Molecular determinants of pathogenesis and clinical phenotype in myeloproliferative neoplasms.
Ferrata Storti Foundation
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Grinfeld, J., Nangalia, J., & Green, T. (2017). Molecular determinants of pathogenesis and clinical phenotype in myeloproliferative neoplasms.. Haematologica, 102 7-17. https://doi.org/10.3324/haematol.2014.113845
The myeloproliferative neoplasms are a heterogeneous group of clonal disorders characterized by the overproduction of mature cells in the peripheral blood, together with an increased risk of thrombosis and progression to acute myeloid leukemia. The majority of patients with Philadelphia-chromosome negative myeloproliferative neoplasms harbor somatic mutations in Janus kinase 2, leading to constitutive activation. Acquired mutations in calreticulin or myeloproliferative leukemia virus oncogene are found in a significant number of patients with essential thrombocythemia or myelofibrosis, and mutations in numerous epigenetic regulators and spliceosome components are also seen. Although the cellular and molecular consequences of many of these mutations remain unclear, it seems likely that they interact with germline and microenvironmental factors to influence disease pathogenesis. This review will focus on the determinants of specific myeloproliferative neoplasm phenotypes as well as on how an improved understanding of molecular mechanisms can inform our understanding of the disease entities themselves.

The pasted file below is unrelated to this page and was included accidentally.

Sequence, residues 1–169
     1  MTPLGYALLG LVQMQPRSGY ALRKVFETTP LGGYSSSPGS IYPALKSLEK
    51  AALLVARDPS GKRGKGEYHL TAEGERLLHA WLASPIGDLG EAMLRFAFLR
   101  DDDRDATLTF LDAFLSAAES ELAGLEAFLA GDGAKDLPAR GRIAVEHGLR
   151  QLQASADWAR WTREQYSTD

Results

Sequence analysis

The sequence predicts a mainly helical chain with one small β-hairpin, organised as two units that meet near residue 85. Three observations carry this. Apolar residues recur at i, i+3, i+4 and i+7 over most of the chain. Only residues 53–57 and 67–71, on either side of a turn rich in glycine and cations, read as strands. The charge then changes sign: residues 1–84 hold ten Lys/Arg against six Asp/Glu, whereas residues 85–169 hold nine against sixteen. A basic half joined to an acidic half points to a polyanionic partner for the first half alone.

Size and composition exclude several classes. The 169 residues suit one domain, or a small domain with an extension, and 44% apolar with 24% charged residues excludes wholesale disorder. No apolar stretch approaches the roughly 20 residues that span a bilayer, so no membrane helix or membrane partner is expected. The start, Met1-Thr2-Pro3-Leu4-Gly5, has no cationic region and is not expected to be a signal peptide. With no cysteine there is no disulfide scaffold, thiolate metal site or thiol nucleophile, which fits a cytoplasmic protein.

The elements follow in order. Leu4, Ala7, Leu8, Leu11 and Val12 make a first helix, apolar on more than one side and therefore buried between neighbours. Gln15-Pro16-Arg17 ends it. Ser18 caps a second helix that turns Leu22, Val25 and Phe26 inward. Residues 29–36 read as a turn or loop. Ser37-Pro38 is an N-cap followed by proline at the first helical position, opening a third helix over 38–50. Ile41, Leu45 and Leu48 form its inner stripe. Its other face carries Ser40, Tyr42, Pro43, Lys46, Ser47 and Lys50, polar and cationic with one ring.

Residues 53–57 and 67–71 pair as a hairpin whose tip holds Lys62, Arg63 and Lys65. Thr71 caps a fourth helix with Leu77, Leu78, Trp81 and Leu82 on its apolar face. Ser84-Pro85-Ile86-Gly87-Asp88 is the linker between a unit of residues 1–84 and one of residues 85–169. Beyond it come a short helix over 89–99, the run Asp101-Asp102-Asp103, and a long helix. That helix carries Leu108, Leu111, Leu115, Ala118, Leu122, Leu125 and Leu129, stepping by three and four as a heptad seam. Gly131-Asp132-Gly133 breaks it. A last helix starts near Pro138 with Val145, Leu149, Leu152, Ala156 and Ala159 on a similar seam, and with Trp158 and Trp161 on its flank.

Animals, Humans, Myeloproliferative Disorders, Disease Susceptibility, Receptors, Cytokine, Environment, Signal Transduction, Gene Expression Regulation, Phenotype, Mutation, Biomarkers
External DOI: https://doi.org/10.3324/haematol.2014.113845
This record's URL: https://www.repository.cam.ac.uk/handle/1810/264247